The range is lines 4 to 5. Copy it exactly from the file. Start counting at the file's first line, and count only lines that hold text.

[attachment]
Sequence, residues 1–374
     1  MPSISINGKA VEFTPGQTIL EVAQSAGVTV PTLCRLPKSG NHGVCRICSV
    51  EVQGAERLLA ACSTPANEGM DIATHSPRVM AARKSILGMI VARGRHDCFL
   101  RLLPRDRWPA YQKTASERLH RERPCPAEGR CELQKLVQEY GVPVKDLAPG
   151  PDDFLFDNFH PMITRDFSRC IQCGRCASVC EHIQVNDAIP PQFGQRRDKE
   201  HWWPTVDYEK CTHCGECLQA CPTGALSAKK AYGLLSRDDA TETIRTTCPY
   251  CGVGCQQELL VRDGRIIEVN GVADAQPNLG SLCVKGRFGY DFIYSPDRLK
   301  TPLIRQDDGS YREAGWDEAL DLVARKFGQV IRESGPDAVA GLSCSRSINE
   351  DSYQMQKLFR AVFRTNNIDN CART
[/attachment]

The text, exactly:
   101  RLLPRDRWPA YQKTASERLH RERPCPAEGR CELQKLVQEY GVPVKDLAPG
   151  PDDFLFDNFH PMITRDFSRC IQCGRCASVC EHIQVNDAIP PQFGQRRDKE